My only gripe with Porter’s column has to do with an issue that pervades the Times. Why won’t the paper include more links to source material? Most of the links in the online version link to other Times stories or to backgrounders prepared by the Times. In the Porter piece, it would make sense to link to the works of some of the experts he cites or to link to the Pew study he relies on. I suppose the paper is worried that readers will depart from the Times‘ site via links and never return. But I think that’s wrong. I think more readers would value the Times more if it included external links.

Besides, if the Times is going to write using a historical perspective more often, the writers will have to meet the standards that historians have for evidence. Footnotes anyone?


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Media Roundup

By Christopher B. Daly

–I am so proud of my old newspaper, The Washington Post. The paper has recently been rendering a major public service: a reckoning of all the shootings of civilians by police that take place in the United States. You might think that information would be routinely collected by Justice, the FBI, or at least every state police agency. You’d be wrong.

Turns out, there is no central governmental accounting. So, the Post stepped into the vacuum and built a database from the ground up.

Turns out, American cops shoot about two civilians a day, every day.

Is that too many? Too few? Just about right? I don’t know, but at least now we can begin to have a debate about it and come to terms with the police. As Juvenal put it 2,000 years ago: Qui custodiet ipsos custodes? Or, Who will police the police? Who will guard the guardians? Who will watch over those who watch over?

In my view, this is exactly why we need a free and independent news media.

–Here we go again with the NSA.

Don’t get me wrong: I am all for a robust, state-of-the-art intelligence service. To my mind, that means spying on other countries in ways that advance our national interests without them even finding out about it. That’s my standard for U.S. intelligence-gathering. Anything else has to yield to the Constitution. When it comes to spying on Americans, there is no reason for the executive branch to take it upon itself to routinely spy on Americans who are not even suspected of having broken any laws.

According to the Times, the secret agency has justified its secret program to a secret court, so we are all supposed to just shut up and submit our data. Absolutely not.



–So, I see that tourists will now be allowed to take photos while touring the White House. Yay.

If only the professional news photographers who cover the White House had the same liberty!

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Why is it so hard to talk about Charleston?

By Christopher B. Daly

What happened in Charleston this week meets the literal definition of terrorism.

Here’s a dictionary definition (from Dictionary.com):



the use of violence and threats to intimidate or coerce, especially for political purposes.

Here’s the FBI’s definition:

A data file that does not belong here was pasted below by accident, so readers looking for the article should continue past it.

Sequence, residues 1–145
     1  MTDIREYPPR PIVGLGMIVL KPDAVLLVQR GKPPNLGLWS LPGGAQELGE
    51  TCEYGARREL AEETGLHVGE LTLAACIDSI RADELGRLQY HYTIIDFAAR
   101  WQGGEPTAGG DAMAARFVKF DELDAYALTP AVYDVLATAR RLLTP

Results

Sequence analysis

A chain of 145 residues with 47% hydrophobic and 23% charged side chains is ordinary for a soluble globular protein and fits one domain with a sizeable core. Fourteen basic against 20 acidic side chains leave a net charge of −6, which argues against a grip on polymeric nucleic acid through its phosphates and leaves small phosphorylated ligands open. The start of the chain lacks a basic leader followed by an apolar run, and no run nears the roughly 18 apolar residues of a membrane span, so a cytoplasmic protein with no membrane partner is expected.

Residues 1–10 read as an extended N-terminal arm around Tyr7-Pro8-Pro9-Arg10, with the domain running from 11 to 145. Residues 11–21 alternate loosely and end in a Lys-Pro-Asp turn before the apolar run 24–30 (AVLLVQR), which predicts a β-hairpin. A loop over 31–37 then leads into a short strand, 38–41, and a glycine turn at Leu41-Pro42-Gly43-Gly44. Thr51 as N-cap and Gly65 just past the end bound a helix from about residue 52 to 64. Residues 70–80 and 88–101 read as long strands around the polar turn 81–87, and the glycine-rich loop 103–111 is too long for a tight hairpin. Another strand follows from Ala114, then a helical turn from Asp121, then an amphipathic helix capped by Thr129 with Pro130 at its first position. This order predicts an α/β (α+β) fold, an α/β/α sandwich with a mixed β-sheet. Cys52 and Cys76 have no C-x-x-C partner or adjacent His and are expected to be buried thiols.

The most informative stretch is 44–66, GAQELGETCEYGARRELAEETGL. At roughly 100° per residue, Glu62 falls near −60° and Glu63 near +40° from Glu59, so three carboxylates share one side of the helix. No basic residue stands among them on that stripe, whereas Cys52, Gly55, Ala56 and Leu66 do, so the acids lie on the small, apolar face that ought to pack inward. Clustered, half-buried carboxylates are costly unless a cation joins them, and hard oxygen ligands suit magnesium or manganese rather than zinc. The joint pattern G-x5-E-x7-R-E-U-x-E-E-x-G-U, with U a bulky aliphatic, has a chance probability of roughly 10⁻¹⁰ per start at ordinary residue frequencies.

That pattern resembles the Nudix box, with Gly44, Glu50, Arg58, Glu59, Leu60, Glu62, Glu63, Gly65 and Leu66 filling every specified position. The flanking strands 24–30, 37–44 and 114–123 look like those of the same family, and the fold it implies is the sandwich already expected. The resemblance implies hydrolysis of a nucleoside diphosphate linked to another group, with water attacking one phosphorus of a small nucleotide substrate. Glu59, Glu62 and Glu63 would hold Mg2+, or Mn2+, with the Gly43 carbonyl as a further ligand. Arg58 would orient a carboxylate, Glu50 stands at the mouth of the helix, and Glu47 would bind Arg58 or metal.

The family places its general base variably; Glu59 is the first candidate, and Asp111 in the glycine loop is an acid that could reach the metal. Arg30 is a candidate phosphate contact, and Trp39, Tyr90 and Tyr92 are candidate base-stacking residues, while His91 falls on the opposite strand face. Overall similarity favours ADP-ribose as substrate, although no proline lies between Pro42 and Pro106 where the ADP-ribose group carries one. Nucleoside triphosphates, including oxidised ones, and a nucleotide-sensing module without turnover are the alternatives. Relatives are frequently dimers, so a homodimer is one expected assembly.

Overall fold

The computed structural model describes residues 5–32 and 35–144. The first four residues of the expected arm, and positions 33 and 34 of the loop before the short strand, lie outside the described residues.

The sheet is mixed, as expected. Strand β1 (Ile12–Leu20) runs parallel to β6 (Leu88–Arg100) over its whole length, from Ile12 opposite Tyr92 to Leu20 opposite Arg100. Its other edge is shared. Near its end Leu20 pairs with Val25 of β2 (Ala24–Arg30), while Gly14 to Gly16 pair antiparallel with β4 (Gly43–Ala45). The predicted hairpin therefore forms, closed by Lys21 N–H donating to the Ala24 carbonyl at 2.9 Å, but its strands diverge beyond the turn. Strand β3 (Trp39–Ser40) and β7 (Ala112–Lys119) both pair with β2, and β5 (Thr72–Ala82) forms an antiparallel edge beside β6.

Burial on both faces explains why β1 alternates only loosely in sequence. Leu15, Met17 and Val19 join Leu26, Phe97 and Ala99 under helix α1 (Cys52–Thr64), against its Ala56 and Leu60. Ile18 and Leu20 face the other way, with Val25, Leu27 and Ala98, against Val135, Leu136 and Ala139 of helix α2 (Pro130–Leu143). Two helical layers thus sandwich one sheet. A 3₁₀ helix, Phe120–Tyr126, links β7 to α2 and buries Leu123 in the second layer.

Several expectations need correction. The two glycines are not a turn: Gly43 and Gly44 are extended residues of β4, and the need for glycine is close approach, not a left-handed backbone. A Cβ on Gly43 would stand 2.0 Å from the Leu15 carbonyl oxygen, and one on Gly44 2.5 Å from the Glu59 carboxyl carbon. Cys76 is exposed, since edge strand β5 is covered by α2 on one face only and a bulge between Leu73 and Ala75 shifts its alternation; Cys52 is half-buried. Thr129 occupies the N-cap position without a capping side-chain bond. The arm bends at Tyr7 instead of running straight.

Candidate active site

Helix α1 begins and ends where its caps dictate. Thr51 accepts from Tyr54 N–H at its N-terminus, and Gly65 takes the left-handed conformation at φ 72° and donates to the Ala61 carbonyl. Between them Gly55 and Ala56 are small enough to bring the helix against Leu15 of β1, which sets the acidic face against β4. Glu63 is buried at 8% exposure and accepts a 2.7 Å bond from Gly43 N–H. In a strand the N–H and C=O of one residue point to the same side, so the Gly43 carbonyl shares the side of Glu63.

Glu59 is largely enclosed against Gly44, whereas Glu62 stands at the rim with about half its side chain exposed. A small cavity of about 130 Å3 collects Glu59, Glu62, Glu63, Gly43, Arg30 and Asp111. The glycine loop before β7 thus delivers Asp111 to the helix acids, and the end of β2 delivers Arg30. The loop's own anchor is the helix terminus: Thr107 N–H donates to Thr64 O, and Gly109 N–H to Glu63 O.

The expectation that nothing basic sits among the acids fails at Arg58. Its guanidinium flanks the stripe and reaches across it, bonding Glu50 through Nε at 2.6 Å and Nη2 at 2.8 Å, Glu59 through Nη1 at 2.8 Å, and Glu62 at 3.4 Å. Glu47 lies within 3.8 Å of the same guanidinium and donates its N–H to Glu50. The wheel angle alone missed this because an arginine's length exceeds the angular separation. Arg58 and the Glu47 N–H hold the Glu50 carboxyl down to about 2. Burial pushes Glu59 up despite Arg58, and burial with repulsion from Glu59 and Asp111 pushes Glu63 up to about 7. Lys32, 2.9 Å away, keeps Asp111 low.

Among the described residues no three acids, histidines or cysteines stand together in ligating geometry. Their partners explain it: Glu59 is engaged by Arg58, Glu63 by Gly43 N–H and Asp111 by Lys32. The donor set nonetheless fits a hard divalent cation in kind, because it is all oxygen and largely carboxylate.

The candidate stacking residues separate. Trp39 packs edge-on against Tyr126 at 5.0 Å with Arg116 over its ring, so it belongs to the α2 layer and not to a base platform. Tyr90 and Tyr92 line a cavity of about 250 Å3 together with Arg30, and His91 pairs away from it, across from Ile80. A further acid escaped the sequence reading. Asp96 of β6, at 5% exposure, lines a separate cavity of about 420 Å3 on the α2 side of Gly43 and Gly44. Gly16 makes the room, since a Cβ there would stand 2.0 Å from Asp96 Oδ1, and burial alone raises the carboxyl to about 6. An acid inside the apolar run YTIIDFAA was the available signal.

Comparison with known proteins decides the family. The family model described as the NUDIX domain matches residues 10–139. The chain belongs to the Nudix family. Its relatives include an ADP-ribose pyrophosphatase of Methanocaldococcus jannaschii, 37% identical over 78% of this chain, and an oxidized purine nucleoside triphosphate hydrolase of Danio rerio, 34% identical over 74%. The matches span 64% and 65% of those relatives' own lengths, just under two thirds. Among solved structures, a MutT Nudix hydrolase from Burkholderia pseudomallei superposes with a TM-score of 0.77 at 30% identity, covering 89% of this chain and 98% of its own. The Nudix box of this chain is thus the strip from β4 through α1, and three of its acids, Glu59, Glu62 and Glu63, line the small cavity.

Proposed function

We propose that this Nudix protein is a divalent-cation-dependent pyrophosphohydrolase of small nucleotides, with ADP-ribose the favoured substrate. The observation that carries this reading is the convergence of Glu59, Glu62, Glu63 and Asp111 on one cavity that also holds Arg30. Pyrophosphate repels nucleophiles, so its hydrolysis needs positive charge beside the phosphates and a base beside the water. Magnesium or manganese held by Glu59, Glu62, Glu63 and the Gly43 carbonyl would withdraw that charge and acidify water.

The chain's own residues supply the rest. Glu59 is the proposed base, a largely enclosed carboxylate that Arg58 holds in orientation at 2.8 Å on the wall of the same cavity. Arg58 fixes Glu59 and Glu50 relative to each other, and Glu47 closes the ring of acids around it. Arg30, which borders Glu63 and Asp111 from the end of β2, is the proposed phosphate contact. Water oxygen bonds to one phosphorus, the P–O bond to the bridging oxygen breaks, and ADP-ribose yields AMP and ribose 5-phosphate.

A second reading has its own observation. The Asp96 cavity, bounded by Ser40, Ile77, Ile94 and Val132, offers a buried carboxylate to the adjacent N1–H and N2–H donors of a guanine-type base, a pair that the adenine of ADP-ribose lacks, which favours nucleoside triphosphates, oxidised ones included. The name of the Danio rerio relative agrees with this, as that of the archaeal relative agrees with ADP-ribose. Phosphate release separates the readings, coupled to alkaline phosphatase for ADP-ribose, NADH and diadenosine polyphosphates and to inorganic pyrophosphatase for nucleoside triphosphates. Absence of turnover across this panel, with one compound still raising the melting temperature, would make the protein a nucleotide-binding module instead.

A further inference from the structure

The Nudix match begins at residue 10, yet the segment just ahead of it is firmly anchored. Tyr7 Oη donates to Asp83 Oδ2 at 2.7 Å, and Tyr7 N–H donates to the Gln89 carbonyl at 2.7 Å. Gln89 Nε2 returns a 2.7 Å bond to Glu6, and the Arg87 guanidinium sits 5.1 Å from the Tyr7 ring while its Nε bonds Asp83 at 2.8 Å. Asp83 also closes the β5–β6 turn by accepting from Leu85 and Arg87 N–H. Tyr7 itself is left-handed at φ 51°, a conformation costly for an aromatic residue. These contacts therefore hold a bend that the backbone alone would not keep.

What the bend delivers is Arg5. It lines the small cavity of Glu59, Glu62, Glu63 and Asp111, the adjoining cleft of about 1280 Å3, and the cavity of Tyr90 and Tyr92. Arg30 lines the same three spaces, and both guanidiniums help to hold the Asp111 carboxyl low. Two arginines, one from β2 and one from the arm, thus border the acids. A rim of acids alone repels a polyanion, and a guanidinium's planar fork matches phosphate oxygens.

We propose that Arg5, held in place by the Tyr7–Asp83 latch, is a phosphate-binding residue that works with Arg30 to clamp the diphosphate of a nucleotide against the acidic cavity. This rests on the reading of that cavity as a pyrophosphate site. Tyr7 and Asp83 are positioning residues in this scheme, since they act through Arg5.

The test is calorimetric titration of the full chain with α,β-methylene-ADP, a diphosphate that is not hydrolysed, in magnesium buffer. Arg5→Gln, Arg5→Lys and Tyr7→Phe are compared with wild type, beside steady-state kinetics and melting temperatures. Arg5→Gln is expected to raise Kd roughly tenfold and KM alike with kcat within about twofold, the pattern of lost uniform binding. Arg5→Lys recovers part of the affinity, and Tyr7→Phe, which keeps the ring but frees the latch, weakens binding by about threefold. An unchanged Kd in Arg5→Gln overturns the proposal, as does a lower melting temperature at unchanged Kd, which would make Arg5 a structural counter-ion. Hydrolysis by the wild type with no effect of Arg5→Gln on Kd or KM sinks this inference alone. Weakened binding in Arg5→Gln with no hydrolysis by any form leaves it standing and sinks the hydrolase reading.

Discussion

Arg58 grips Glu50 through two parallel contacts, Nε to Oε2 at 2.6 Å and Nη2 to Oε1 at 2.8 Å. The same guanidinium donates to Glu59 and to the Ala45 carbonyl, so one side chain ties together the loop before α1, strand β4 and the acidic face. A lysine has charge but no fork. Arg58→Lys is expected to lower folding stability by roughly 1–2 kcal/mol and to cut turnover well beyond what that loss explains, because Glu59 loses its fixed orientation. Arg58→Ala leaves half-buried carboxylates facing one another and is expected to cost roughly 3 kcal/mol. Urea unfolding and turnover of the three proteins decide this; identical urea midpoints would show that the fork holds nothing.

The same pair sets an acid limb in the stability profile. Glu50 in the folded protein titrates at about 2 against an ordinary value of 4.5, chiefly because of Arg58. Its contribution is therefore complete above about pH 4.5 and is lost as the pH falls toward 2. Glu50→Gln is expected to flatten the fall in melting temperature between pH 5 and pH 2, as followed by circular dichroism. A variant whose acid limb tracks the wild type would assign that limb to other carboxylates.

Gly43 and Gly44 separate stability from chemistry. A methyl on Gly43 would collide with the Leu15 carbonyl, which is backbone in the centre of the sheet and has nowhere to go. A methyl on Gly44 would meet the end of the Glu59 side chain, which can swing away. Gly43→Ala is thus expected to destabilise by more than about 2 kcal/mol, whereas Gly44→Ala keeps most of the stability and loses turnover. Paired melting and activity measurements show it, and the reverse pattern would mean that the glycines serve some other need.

“Domestic terrorism” means activities with the following three characteristics:

  • Involve acts dangerous to human life that violate federal or state law;
  • Appear intended (i) to intimidate or coerce a civilian population; (ii) to influence the policy of a government by intimidation or coercion; or (iii) to affect the conduct of a government by mass destruction, assassination. or kidnapping; and
  • Occur primarily within the territorial jurisdiction of the U.S.

So, why do the media find it so difficult to call it an act of domestic terrorism?

The NYTimes was willing to discuss the issue but not to use the term in its main coverage.

The most extreme case (as so often happens) involved Fox News. The Thursday morning episode of the show “Fox and Friends” hit a new low — in which the hosts and guests strained to frame the violent assault by a white man seeking to take his country back as an assault on religion and an attack on Christians. Wha?

Here’s a brilliant analysis by Larry Wilmore, who is getting better by the week. (courtesy of Comedy Central and TPM).gctqv5mtkz5pr8y6j2bi

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Monday journalism roundup

By Christopher B. Daly

It’s been a busy week for thinking about the news business.

Here’s Steve Coll, dean of the Columbia Journalism School, sharing his reactions to one day’s New York Times with the paper’s “Insider” feature.

–NPR recently did a devastating investigation of the Red Cross’ spending in Haiti. Here is the story behind the story.

Here is Part II of Michael Massing’s survey of the digital news landscape for the NYRB. (Spoiler alert: he’s more impressed by the legacy media than  by most digital natives.)

Here is this week’s offering from NPR’s “On the Media,” which is a consistently worthwhile show. Particularly good: this segment on the nation’s librarians, who have shown an impressive toughness in defense of the public’s right to read without being spied on. Go, librarians!

Here is an original episode of public radio’s “This American LIfe,” which focuses on what might be called “journalism by other means” — opera, drama, etc. Great idea.

As the saying goes: More later!

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Sy Hersh’s latest expose: Did Obama mislead about bin Laden’s killing?

By Christopher B. Daly

Before deciding that veteran investigative reporter Sy Hersh has become the crazy uncle of American journalism, it might be worth considering whether he might be right about the bin Laden killing.

Earlier this week, Hersh unloaded a 10,000-word alternative history of the 2011 raid on that compound in

White House photo, by Pete Souza.

White House photo, by Pete Souza.